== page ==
Scuba slang to help new divers get their sea legs

By: Brittany Bozik

When you’re a new diver, it can be a little bit intimidating at first with all the new things you are expected to learn. At least it was for me, especially when we started discussing the science and math aspects of diving. Those had me thinking I got into the wrong sport and industry because, frankly, I am not good at either subject. Sticking with it proved scuba diving to be an exciting and worthwhile experience, but this got me thinking – I can’t be the only one who feels like diving slang could be a totally different language. So, I turned to one of my favorite diving-related Facebook groups: Girls That Scuba to learn more about scuba slang and below are just SOME of the responses I received on my post.

Tankmonkey (n); someone who is either a divemaster candidate or youngin at the shop that has to load and unload after trips. Also called: Diveslave, divedonkey, divesherpa, tank donkey or pool boy/girl.

Feeding the Fish (v); getting sick underwater.

Airsucker (n); the person on a dive who runs out of air first.

Eggbeater (n); someone who is way overweighted and has to kick while swimming vertically in order to stay off the bottom.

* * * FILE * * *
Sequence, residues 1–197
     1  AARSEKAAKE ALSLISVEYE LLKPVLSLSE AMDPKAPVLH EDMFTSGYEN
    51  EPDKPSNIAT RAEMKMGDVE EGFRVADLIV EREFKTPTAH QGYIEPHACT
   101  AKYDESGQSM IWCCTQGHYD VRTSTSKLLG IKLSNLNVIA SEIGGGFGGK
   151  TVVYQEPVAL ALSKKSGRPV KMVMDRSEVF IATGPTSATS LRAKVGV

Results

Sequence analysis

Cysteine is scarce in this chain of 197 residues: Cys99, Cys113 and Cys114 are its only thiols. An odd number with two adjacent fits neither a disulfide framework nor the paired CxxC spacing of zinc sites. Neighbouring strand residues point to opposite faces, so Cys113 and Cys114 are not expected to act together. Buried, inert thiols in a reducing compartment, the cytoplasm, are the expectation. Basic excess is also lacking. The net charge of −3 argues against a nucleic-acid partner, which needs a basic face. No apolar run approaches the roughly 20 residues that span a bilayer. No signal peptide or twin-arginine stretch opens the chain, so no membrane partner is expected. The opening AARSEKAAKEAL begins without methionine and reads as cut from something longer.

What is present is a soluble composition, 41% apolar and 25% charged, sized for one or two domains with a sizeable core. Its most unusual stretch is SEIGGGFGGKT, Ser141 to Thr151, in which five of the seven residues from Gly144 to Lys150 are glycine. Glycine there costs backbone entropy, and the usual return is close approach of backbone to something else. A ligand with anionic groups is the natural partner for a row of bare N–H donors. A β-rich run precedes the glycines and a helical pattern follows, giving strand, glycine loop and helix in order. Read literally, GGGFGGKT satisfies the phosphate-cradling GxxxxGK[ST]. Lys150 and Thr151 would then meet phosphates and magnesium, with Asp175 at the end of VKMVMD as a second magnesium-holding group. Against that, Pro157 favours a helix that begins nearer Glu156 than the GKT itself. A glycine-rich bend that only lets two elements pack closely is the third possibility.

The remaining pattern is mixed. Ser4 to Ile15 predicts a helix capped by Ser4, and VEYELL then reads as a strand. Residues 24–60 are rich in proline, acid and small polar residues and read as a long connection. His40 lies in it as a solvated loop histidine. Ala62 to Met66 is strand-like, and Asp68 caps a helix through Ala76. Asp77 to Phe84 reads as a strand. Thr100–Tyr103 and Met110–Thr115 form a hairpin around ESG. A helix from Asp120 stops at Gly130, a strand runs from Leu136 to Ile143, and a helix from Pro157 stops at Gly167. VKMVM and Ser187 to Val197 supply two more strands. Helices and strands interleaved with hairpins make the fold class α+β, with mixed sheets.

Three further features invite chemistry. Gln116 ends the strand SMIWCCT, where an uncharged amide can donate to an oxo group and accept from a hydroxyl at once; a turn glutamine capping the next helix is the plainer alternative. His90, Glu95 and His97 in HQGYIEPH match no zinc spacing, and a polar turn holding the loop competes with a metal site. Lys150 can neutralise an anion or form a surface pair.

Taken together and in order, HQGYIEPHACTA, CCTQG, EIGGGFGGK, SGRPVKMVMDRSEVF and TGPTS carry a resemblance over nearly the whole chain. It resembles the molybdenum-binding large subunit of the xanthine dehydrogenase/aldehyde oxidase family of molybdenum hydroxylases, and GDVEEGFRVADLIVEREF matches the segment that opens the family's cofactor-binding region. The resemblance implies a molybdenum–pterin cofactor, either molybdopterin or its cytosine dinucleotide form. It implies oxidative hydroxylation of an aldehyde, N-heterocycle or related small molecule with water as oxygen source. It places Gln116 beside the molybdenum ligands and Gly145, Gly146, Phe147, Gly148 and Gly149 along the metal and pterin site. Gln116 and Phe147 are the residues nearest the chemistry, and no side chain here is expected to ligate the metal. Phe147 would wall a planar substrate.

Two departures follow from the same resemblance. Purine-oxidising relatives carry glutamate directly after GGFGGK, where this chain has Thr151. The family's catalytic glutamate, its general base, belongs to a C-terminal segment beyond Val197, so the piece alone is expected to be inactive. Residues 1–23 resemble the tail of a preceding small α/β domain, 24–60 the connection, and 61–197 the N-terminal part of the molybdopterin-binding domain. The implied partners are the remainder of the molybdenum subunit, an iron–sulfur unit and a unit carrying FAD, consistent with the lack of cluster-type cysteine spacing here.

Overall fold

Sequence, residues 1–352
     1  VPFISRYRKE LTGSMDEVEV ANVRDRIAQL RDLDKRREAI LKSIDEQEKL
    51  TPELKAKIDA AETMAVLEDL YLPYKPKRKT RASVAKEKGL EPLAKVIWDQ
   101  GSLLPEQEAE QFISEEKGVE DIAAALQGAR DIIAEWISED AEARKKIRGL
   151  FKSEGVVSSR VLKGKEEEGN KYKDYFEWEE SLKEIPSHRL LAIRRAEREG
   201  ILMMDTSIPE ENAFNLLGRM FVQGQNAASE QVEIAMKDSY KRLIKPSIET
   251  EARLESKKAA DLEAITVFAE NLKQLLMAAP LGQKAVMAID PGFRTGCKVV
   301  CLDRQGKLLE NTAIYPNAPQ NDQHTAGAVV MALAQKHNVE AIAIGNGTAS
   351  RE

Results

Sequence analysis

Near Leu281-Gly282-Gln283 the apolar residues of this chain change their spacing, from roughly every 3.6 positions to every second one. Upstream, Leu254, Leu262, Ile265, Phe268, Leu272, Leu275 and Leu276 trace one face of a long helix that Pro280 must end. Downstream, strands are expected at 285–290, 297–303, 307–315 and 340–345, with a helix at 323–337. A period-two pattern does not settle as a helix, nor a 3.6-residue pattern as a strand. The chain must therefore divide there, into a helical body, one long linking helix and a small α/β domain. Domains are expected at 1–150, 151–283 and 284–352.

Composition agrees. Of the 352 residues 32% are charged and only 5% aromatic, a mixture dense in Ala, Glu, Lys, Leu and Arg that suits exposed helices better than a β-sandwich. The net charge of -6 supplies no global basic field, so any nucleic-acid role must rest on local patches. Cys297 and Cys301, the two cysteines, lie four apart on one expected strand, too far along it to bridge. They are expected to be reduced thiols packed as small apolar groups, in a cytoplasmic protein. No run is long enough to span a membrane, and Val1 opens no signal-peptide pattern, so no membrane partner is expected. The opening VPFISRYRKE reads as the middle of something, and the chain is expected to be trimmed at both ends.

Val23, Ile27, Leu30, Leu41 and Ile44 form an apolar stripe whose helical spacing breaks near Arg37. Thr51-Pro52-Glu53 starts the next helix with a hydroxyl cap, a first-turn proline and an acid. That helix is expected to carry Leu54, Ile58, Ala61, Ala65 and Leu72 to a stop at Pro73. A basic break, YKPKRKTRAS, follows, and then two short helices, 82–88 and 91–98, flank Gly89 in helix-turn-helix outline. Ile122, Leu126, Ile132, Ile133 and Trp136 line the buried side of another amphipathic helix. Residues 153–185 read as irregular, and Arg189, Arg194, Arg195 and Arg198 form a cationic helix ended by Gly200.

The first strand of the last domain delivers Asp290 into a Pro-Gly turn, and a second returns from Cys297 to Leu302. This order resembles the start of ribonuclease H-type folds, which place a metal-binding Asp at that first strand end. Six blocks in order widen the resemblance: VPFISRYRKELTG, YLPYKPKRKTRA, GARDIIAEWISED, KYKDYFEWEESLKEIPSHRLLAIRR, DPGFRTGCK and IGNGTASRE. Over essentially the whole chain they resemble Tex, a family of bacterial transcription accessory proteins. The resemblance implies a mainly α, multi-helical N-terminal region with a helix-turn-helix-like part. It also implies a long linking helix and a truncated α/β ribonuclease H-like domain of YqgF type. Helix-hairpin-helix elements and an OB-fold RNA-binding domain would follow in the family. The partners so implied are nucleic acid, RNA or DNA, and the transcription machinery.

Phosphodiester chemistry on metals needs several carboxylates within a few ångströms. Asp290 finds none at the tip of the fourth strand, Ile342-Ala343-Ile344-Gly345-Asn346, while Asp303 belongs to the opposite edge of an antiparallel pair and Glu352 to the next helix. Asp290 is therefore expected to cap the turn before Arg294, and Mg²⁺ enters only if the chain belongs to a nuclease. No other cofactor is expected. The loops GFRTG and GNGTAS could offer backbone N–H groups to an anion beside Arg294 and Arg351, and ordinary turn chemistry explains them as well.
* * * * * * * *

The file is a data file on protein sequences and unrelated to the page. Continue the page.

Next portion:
Leadweighter (n); that one diver on the boat that thinks they need 20 pounds of lead with no wetsuit.

Pigpen (n); someone constantly on the bottom, stirring up sand/silt.

Patch (n); the guy that sews his patches on his wetsuit and brags about his diving.

Insta-buddy (n); getting paired up with a stranger.

Spare-air (n); what my husband calls me since he’s an air hog and I always come back with half a tank.

Danglies (n); stuff hanging off someone’s gear and dragging all over everything.

Divemonster (n); divemaster candidate.

Rototilling (v); new divers that create a cloud of kicked up silt behind them, mimicking a tractor in a field.

Balloon (n); a new dry suit diver that has their feet suddenly fly above their head.

Diver’s Makeup (n); snot you wear all over your face after a dive.

De-fizzing (v); surface interval or offgassing.

Fart Bag (n); dry suit.

Pool’s Open (ph); after the dive briefing when it’s time to get wet and blow bubbles. Not used for the actual pool.

Seapuppies (n); seals or, for me, sharks.

Sea Panda (n); orca.

Sea Hippy (n); dolphin.

Hoovers (n); people (usually new divers) who drain tanks super fast.

Bioprene (n); natural insulation that reduces the need for neoprene.

Turtling (v); the act of a diver who flips over on their back and cannot right themselves.

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